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Sir Edward Coley Burne-Jones

Poster: Sir Edward Burne-Jones self portrait - Old Editions Book Shop and Café

Oil:  Love Song

Stained glass: David's Charge to Solomon

Stained glass: "In 1861, Morris, Marshall, Faulkner, and Company had been formed ... with Peter Paul Marshall designing the stained glass. With the reorganization of the firm, in 1875, , under Morris exclusively - Morris & Co. - Burne-Jones became virtually the sole designer in stained glass until his death in 1898... The firm was particularly adept in blending figure panel and grisaille in the best tradition of the Middle Ages." - Virginia Chieffo Raguin, Stained Glass: From Its Origins to the Present, 2003, p. 193

Sir Edward Coley Burne-Jones was a British artist and designer closely associated with the later phase of the Pre-Raphaelite movement, who worked closely with William Morris on a wide range of decorative arts as a founding partner in Morris, Marshall, Faulkner, and Company.

Burne-Jones was closely involved in the rejuvenation of the tradition of stained glass art in England.

Burne-Jones's early paintings show the heavy inspiration of Dante Gabriel Rossetti, but by the 1860s Burne-Jones was discovering his own artistic "voice.". In 1877 ... he was taken up as a herald and star of the new
Aesthetic Movement.

In addition to painting and stained glass, Burne-Jones worked in a variety of crafts; including designing ceramic tiles, jewellery, tapestries, mosaics and book illustration.

- Wikipedia, Edward Burne-Jones (Online July 2013)

The final step in Burne-Jones' formal education (and the beginning of his informal education) occurred at Oxford where he matriculated in June of 1852. There he was provided with a wealth of knowledge, but more importantly it was there where he met his lifelong friend, the poet, William Morris.
With Morris, Burne-Jones spent endless hours in the library, finding and discussing poetry... It was through one of these sessions that Burne-Jones found what was to become his lifelong passion and source of inspiration, Malory's Morte d'Arthur.

- University of Rochester: David Howland, Edward Burne-Jones  (Online July 2013)

As the result of seeing Rossetti’s works, Burne-Jones and [William] Morris became late recruits to Pre-Raphaelitism. Early in 1856, Burne-Jones met Ruskin and Rossetti and managed to persuade the latter to accept him as a pupil; he and Morris left Oxford and started their artistic careers under Rossetti’s guidance...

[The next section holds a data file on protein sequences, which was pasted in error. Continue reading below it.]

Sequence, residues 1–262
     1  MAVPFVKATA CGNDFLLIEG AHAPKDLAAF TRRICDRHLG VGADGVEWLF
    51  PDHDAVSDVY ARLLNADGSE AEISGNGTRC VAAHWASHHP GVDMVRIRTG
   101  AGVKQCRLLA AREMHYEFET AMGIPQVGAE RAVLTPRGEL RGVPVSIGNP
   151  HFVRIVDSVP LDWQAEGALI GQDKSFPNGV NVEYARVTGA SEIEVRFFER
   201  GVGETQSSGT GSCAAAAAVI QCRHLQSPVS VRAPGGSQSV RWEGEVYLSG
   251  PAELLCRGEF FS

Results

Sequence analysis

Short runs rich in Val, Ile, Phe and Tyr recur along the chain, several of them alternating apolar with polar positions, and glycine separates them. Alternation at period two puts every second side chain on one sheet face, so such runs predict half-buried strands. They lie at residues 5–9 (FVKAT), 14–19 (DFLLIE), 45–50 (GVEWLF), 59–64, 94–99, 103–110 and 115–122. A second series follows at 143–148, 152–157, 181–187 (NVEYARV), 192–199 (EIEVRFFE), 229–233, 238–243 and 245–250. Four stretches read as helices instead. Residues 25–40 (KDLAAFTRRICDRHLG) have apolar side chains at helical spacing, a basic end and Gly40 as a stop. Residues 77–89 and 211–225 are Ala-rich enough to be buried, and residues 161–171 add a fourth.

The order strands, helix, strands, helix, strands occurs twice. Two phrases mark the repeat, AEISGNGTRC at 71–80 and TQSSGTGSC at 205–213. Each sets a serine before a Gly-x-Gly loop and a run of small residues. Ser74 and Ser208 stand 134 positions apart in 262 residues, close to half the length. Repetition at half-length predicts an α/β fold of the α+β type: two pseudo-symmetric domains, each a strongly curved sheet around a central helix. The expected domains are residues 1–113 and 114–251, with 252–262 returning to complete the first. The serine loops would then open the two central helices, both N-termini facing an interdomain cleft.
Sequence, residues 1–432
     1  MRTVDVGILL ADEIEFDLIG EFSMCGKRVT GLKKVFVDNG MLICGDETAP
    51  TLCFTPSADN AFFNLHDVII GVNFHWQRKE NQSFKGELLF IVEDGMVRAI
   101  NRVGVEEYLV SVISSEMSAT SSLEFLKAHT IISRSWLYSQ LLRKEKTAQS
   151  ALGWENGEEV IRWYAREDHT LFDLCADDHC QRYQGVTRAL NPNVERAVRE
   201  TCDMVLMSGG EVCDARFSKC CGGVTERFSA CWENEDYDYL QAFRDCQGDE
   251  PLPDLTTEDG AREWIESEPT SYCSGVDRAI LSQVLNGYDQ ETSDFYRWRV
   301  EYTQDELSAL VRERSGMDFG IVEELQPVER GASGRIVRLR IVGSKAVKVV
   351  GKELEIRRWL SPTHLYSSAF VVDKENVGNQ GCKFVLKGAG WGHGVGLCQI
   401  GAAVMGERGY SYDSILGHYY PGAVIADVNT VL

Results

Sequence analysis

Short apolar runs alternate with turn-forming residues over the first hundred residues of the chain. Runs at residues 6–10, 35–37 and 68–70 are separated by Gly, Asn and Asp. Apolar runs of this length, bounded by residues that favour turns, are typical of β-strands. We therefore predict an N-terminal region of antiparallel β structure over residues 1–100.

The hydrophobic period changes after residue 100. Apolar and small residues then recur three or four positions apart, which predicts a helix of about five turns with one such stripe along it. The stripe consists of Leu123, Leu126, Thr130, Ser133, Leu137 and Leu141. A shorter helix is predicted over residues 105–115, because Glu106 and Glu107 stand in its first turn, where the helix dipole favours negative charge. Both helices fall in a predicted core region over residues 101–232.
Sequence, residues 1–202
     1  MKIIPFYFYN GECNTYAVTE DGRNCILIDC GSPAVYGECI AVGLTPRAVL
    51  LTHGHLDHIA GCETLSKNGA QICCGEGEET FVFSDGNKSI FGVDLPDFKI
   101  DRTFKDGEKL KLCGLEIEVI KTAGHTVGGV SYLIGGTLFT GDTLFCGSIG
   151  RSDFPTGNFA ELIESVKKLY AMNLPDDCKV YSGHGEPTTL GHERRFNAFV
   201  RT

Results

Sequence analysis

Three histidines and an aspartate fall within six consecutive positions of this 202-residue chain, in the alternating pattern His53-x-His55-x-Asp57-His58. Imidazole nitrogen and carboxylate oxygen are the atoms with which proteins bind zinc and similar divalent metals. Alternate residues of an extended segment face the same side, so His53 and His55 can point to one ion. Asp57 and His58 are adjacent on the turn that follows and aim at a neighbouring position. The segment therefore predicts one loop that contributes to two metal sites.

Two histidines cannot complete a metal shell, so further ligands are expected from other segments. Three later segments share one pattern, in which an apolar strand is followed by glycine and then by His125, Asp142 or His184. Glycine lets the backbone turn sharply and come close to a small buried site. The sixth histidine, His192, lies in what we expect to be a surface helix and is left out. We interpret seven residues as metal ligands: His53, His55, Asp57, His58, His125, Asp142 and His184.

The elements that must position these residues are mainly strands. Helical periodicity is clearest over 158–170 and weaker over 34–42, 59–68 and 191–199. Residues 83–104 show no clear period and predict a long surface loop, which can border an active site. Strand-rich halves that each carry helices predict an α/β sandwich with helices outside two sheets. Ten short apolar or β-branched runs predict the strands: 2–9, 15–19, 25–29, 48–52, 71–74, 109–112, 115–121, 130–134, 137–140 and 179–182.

Meanwhile the friends founded a decorating business, the company William Morris & Co. Burne-Jones was one of the directors and his prolific inspiration and rapidity of execution made him of crucial value for the firm. While his painting moved inevitably away from the influence of Rossetti and the Pre-Raphaelites, his decorative work remained a continuing contribution to the evolution of Pre-Raphaelite design. He made designs of tapestries and stained glass windows.

His Pre-Raphaelite pieces form a relatively small part of his total work.

Nevertheless, the influence of Rossetti was crucial to the development of Burne-Jones’s poetic imagination. His early works, painted under the personal guidance of Rossetti from similar medieval and literary sources, or resulting from Burne-Jones’s own fascination with fifteenth century Florentine art are a valuable contribution to PreRaphaelitism. And, of course, his paintings influenced the Aesthetic movement and Art Nouveau design to a great extend. In 1890, Burne-Jones was elected to the Royal Academy, but resigned only three years later.

- Olga's Gallery: Sir Edward Coley Burne-Jones  (Online July 2013)

A pupil of Dante Gabriel Rossetti and a protégé of John Ruskin Edward Burne-Jones belonged to the second generation of the Pre-Raphaelite Brotherhood, creating a narrative style of romantic symbolism steeped in medieval legend and fused with the influence of the Italian Rennaissance. He became one of the most sought-after painters in Europe.

Burne-Jones went to London to seek out Rossetti. Rossetti had a contract with Powell's Glass Works to design stained glass windows, and he introduced Burne-Jones to them. Burne-Jones worked for them from 1857 until William Morris formed 'The Firm' in 1861.

- Visit Cumbria: Sir Edward Burne-Jones  (Online July 2013)

Burne-Jones's paintings were one strand in the evolving tapestry of Aestheticism from the 1860s through the 1880s, which considered that art should be valued as an object of beauty engendering a sensual response, rather than for the story or moral implicit in the subject matter.

In many ways this was antithetical to the ideals of Ruskin and the early Pre-Raphaelites.

- Wikipedia, Edward Burne-Jones  (Online July 2013)

See also:

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Photos and their arrangement © 2004 Chuck LaChiusa
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